Can you win an appeal for unemployment even if you got fired under misconduct from recent job?

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Can you win an appeal for unemployment even if you got fired under misconduct from recent job?

The misconduct that was taken place was done due to orders given to me from a higher authority which was my store manager?

Asked on February 26, 2018 under Employment Labor Law, California

Answers:

SJZ, Member, New York Bar / FreeAdvice Contributing Attorney

Answered 3 years ago | Contributor

Generally, being fired for misconduct is being fired "for cause" and denies you unemployment. Whether you would be entitled to unemployment benefits when you were following a supervisor's instructions depends on two things:
1) First, can you convince he unemployment office you were following instructions, if the employer denies that? It may be difficult for you to prove that you were following orders, if the person who gave you those orders says you were not.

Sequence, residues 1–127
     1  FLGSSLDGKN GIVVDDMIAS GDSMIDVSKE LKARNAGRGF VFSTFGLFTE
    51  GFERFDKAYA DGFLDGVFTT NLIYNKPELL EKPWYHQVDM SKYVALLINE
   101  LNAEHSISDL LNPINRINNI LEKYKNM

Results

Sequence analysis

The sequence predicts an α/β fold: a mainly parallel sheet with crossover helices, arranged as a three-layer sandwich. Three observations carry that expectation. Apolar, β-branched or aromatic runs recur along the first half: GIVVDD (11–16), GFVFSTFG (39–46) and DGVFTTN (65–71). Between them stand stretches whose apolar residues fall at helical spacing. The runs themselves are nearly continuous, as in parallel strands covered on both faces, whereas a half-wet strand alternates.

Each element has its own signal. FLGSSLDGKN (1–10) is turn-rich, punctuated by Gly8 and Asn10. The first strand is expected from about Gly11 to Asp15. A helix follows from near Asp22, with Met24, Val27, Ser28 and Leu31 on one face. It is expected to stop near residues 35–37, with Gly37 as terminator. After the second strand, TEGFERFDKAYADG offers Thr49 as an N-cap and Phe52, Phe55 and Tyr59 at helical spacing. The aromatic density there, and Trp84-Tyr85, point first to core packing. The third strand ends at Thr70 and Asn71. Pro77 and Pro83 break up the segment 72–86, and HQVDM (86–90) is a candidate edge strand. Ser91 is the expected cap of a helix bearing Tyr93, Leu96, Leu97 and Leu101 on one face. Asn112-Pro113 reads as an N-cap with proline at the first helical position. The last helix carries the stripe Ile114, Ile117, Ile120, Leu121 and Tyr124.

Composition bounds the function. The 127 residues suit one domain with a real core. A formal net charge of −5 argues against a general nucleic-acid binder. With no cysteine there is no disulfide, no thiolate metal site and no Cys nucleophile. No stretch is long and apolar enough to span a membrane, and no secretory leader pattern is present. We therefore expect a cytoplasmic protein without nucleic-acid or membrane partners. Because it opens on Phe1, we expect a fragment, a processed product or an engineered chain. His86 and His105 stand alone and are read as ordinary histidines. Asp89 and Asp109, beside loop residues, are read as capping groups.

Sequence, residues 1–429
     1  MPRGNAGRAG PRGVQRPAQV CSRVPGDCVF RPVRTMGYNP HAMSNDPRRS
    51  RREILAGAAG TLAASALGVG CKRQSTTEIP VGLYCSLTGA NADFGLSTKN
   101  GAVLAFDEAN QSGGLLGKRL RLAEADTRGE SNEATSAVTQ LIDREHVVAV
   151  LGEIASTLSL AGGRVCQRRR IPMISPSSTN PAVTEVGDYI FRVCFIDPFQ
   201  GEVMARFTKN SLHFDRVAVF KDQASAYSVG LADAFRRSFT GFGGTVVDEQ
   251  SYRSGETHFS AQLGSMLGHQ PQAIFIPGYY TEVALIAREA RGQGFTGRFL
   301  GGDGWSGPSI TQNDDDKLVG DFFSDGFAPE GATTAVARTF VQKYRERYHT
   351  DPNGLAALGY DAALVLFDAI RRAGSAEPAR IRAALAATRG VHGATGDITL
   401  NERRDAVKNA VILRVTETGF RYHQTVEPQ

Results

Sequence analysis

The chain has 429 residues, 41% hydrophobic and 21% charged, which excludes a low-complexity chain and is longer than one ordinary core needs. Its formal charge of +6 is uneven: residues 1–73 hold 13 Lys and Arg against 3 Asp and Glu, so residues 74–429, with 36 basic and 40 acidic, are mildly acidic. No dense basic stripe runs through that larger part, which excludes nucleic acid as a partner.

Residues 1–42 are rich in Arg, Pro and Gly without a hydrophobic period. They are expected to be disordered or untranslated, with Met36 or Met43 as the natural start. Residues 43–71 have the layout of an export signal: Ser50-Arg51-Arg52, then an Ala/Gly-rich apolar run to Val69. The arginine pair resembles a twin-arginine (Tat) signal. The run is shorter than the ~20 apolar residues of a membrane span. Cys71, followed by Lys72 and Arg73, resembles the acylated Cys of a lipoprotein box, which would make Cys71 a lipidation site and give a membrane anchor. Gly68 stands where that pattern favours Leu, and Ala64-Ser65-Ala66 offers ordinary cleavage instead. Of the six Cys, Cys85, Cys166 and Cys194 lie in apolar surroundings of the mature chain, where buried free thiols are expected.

2) What kind of misconduct? A supervisor can order you to ignore store policy--such as telling you to accept a return even though the customer did not have a receipt. If you violated store policy on supervisor orders, then--assuming the unemployment office believes you--you did not do anything wrong, and while you could be fired (anyone can be fired at any time), it would not be a firing "for cause" and you should be eligible for unemployment.
But a supervisor cannot authorize you to violate the law, so if the misconduct involved taking merchandise (or giving merchandise to another person) without paying, or anything else that would be stealing or an illegal act, you would not be entiled to unemployment.


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